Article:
By Miriam Felton-Dansky
By Lilly Lampe
By R. C. Baker
By Tom Sellar
By Alexis Soloski
By Molly Grogan
By R. C. Baker
His songs, on the other hand, are fresh to the ear, and the best ones are likely to stay that way. "Paris Through the Window," "Next Best Thing," and "Say Something Funny" will all probably become cabaret standards; they're clues to the show Kline and Price might have assembledone that would emphasize Kleban's creativity rather than his inability to ride the elevator to the 25th floor of the CBS Building. A musical revue needs some structure, just as a closet full of clothes needs a crossbar to hang them on, but a songwriter's life is rarely that structure. Besides, the points where you know the book writers are fudging their facts make you wonder how much they've fudged elsewhere; it's hard to enjoy a good song with your suspicions aroused.
It certainly isn't hard to enjoy the prime cast Price has assembled: Jonathan Freeman, Julia Murney, and Ray Wills make particularly strong contributions. Carolee Carmello, as always, is simple, warm, and infinitely moving as the girl who sticks to Kleban despite his craziness. Even better is Randy Graff, as the first love who stays on to attain best-friend status. Graff gets the evening's finest song ("Next Best Thing"), but that's only natural; I imagine good material moves naturally toward her, like iron filings to a magnet. Price creates Kleban with zest and detailed creepiness; at the press preview, his voice sounded worn, presumably from the stress of wearing three hats at once. Scott Wise has contributed some neat post-Fosse choreography, and Carrie Robbins some brightly funny costumes. I just wish the show told me less about Kleban's ills, and delivered more of his goods.
A Class Act
By Linda Kline and Lonny Price, music and lyrics by Ed Kleban
Manhattan Theatre Club
131 West 55th Street 212-399-3030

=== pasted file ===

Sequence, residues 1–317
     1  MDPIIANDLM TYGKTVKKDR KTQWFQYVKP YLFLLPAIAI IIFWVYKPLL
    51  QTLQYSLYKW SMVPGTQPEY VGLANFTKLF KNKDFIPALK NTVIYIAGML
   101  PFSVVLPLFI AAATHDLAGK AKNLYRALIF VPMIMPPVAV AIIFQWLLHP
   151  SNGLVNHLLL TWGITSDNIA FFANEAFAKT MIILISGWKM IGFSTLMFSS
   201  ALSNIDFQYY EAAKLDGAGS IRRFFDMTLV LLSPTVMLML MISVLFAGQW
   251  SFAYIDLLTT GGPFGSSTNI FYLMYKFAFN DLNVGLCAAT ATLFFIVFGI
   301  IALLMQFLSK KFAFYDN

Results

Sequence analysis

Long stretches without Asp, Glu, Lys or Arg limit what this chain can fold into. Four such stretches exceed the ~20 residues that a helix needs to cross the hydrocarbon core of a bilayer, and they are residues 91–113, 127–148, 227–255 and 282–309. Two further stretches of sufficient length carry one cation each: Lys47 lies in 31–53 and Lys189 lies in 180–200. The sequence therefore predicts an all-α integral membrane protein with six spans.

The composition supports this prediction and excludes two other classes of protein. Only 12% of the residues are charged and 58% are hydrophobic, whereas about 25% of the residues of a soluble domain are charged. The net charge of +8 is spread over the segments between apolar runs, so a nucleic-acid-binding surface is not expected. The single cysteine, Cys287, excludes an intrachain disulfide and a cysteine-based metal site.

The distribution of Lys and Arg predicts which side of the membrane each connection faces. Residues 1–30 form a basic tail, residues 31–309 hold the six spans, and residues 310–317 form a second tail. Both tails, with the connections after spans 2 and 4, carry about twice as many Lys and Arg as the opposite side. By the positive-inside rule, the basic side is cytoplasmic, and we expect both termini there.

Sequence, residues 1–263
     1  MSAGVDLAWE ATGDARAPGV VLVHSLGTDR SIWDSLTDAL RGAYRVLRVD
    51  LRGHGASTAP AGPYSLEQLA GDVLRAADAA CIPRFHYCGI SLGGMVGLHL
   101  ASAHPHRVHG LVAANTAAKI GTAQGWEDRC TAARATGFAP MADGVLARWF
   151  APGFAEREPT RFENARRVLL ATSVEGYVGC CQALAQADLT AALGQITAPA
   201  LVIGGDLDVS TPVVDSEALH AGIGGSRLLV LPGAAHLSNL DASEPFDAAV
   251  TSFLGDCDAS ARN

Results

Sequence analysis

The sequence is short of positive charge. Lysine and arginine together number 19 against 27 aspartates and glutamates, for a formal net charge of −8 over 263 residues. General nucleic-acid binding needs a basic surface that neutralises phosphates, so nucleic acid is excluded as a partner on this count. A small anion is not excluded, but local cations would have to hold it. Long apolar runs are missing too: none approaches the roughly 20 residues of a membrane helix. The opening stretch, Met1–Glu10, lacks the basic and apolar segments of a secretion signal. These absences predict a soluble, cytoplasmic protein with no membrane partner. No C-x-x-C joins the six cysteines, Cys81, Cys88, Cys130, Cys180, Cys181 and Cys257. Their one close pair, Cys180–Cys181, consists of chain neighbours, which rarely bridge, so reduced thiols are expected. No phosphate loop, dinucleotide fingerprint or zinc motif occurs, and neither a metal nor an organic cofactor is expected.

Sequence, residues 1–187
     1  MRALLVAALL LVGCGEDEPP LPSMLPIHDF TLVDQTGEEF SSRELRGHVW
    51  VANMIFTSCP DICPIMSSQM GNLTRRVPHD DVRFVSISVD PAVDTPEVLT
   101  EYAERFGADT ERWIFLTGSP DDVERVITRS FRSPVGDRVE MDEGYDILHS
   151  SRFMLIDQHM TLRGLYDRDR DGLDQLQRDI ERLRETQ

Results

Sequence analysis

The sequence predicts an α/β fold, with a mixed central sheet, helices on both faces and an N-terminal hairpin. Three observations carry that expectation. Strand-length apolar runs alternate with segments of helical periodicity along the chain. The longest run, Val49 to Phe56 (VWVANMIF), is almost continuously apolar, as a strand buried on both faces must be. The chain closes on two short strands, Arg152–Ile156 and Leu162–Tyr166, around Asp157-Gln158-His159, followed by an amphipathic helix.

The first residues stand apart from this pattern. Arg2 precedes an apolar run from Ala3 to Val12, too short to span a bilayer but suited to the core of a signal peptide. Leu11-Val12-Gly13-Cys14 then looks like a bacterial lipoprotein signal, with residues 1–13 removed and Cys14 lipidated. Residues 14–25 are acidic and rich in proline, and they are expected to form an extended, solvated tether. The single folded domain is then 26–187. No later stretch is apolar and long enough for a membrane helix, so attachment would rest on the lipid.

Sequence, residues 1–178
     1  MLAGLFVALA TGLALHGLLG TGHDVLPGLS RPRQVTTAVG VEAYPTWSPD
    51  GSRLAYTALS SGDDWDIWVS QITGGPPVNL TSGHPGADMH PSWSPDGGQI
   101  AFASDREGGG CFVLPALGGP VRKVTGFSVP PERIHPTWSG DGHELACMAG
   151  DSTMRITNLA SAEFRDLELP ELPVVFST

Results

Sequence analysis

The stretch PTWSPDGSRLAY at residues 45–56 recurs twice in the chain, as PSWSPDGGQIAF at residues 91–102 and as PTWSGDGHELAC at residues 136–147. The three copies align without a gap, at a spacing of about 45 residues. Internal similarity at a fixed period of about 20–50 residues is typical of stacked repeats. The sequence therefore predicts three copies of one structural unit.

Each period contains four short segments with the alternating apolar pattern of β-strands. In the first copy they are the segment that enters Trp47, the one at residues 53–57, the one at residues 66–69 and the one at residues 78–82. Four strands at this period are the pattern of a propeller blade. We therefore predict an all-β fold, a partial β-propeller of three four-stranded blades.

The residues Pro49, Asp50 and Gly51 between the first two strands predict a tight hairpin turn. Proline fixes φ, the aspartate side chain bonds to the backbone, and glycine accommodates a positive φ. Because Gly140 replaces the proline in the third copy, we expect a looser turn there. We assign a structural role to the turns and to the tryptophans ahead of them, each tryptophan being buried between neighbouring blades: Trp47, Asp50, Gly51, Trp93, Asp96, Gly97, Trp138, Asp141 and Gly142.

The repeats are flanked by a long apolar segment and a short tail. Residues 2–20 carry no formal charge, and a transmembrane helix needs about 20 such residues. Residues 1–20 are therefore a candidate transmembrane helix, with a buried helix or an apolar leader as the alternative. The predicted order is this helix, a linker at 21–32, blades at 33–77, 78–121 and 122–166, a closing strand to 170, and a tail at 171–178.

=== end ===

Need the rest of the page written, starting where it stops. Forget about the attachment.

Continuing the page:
By Lee Blessing
Lucille Lortel Theatre
121 Christopher Street 212-239-6200
Lee Blessing knows how to deliver the goods, and Cobb, which has the ring of an instructional pageant for young baseball fans, covers its subject very efficiently. Tyrus Raymond Cobb, an early hero of our National Pastime, haunts its Hall of Fame at Cooperstown in three versions, his old, young, and middle-aged selves endlessly bickering not only with each other but with the shade of Oscar Charleson, the "Black Ty Cobb," who, having never been allowed to play against Cobb, now sticks to him like a nagging question. Kicking issues and sometimes sentences among themselves, the four voices from the grave give due praise to Cobb's ballplaying achievements, but manage not to ignore his miserable home life, his racism, and his brutality: If you leave out baseball, it's the story of an abused child who became a psychopathic bigot, more likely to slug bystanders' heads than home runs.
Blessing doesn't evade this story, but the compassionate discretion with which he treats it makes the play resemble a fast shuffle: a bit of neglected sports giant for the fans, a dab of vicious redneck bigot for the cynics. Since everyone onstage is dead, there's no drama inside which the facets of Cobb can coalesce; it's all arguing in a void. Joe Brancato's production, smooth in its physical staging, gives the show away by opting for vocally violent Cobbs whenever possible; all four actors yell, Michael Cullen's oldster almost continually. Clark Jackson, as Charleson, and Michael Sabatino, as the middle Cobb, get most praise for yelling least.